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I've this TO-247 MOSFET http://www.datasheet.es/PDF/203551/2SK3271-01-pdf.html

how much current will support this case? I've to control a 12V 80A DC Motor

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    \$\begingroup\$ What does the datasheet say? \$\endgroup\$
    – Hearth
    Apr 15 at 14:53
  • \$\begingroup\$ that supports up to 100A but does not say anything about the case. I saw other MOSFETs with case TO220 that claim to support up to 150A but the case only supports 70A \$\endgroup\$ Apr 15 at 14:55
  • \$\begingroup\$ The limitation will likely be thermal, so you need to consider maximum ambient temperature, maximum Rds (on) vs temperature and your heat sink performance. I don’t see a “case” limitation as on many TO-220 packages, but it’s quite possible you’ll find a limit like 75A in another document related to the package . \$\endgroup\$ Apr 15 at 14:56
  • \$\begingroup\$ @SpehroPefhany take a look infineon.com/dgdl/… at the page 2 in the point 6 (at the end of page) "Calculated continuous current based on maximum allowable junction temperature. Package limitation current is 75A." ... \$\endgroup\$ Apr 15 at 15:00
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It has around 6 mOhm RdsOn so it will dissipate 38W at 80A. This is doable with TO-247 and a proper heatsink.

However the heat sink will be large and expensive. If you put the heatsink money in more MOSFETs instead, and wire them in parallel, it will be cheaper and more efficient. Say you use 3x 3mOhm MOSFETs, each taking 80/3=26A, then each FET will dissipate only 2W, total 6W, you need a much smaller heatsink. And you can also use cheaper TO-220 or even SMD MOSFETs.

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  • \$\begingroup\$ cant wire mosfet in parallel if using PWM \$\endgroup\$ Apr 15 at 16:04
  • \$\begingroup\$ That's wrong, it is often done. \$\endgroup\$
    – bobflux
    Apr 15 at 21:29
  • \$\begingroup\$ Low rds mosfets usually have high gate capacitance/charge requirements. Paralleling them obviously makes it even larger usually necessitating a gate driver. \$\endgroup\$
    – Kartman
    Apr 15 at 23:17
  • \$\begingroup\$ Yes, driver is much cheaper than heatsink for 38W... \$\endgroup\$
    – bobflux
    Apr 15 at 23:49
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The SOA curve on the datasheet implies it's okay:

enter image description here

I share your suspicion, but it's quite possible that Fuji's EIAJ SC-65 package is a bit better than Infineon's similar package. There are a number of TO-247 packages with limits in the 120A-195A range (as well as some with less than 100A, as you know), so it's quite plausible, and Fuji has a lot of background in power electronics.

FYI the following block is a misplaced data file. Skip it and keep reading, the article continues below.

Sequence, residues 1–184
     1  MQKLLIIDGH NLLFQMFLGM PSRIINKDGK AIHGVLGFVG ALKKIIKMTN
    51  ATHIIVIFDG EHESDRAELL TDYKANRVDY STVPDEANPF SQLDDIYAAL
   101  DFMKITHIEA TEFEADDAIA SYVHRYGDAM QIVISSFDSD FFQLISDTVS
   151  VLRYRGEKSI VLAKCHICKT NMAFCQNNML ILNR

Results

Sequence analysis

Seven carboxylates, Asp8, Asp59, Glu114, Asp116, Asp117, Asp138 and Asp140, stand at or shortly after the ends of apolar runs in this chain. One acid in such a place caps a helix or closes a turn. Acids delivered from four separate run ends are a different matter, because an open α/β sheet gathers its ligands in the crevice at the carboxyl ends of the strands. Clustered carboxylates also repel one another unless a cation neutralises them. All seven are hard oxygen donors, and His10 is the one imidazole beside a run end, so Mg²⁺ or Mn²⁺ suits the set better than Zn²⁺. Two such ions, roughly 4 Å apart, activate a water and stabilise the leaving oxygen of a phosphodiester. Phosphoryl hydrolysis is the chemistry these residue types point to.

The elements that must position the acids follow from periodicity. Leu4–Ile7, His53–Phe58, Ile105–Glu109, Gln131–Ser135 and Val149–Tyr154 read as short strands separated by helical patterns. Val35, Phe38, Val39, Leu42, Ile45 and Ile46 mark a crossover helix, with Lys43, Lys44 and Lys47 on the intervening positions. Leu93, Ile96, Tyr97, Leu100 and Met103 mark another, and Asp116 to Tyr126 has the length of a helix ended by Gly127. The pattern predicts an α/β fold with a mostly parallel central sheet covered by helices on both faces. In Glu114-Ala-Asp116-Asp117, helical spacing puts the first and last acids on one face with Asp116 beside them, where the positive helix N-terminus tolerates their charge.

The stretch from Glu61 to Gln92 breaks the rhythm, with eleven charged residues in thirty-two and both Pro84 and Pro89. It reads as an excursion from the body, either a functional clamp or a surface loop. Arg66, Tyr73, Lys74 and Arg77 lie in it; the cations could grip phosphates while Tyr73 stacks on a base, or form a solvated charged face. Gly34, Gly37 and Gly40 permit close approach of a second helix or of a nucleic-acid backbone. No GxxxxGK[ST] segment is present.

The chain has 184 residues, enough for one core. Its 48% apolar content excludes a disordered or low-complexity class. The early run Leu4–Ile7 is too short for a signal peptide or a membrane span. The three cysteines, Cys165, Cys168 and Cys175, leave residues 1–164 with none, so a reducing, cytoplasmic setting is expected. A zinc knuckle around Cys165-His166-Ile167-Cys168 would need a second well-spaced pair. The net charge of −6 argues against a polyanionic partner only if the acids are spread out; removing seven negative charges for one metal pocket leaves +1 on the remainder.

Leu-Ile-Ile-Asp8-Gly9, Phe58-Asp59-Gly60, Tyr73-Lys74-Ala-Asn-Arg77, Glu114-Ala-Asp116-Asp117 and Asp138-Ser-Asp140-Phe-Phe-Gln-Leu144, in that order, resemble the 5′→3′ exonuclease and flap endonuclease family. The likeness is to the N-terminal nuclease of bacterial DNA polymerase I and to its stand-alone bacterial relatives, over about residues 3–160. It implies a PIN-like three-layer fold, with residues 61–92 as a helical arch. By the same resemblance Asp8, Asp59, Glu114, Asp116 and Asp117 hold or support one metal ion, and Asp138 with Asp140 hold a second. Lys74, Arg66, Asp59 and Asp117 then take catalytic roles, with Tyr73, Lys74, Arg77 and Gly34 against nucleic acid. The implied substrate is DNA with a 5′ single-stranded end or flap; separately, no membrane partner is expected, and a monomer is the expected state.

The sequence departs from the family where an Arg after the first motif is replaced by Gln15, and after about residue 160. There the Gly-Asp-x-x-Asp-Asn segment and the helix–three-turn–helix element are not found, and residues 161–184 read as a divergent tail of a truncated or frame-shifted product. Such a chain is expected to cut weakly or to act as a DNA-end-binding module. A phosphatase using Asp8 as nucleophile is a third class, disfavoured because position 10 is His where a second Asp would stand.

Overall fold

See, for example, this IR selection guide's notes. Some of their TO-247 packaged products are limited to 90A by the packages, others to 195A.

The JEDEC/EIAJ standards only cover physical dimensions so you can't really assume much between different products let alone different manufacturers.

If your motor draws 80A continuous, the MOSFET will likely explode or at least fail shorted when you try to start the motor, but you probably know that already. I did a little one-off project where we ended up paralleling two (honest) 300A MOSFETs to get adequate margin.

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  • \$\begingroup\$ You're definitely going to need a heatsink for that much current, of course. The package alone would fry instantaneously. \$\endgroup\$
    – Hearth
    Apr 15 at 15:52
  • \$\begingroup\$ As Hearth says, and don't forget that Rds(on) has a strong positive tempco so the power dissipation when hot might be 50% or more higher than the datasheet number at 25°C. \$\endgroup\$ Apr 15 at 15:56
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According to the datasheet you referenced:

enter image description here

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  • \$\begingroup\$ that supports up to 100A but does not say anything about the case. I saw other MOSFETs with case TO220 that claim to support up to 150A but the case only supports 75A, ie. take a look infineon.com/dgdl/… at the page 2 in the point 6 (at the end of page) "Calculated continuous current based on maximum allowable junction temperature. Package limitation current is 75A." \$\endgroup\$ Apr 15 at 15:01
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The max current is limited by the power dissipation (switching and resistive losses) and the size of the die, not the case itself. Note that max current figures spec'd on data sheets are typically assuming only resistive losses and are for case temperature 25 deg C, which generally is not realistic.

You need to ensure the junction temperature of the MOSFET stays below the maximum stated on the data sheet. So, estimate the power loss in the device, then, given the junction-to-case thermal resistance and expected heatsink temperature, calculate the junction temperature. If it's too high, you have to choose a bigger MOSFET.

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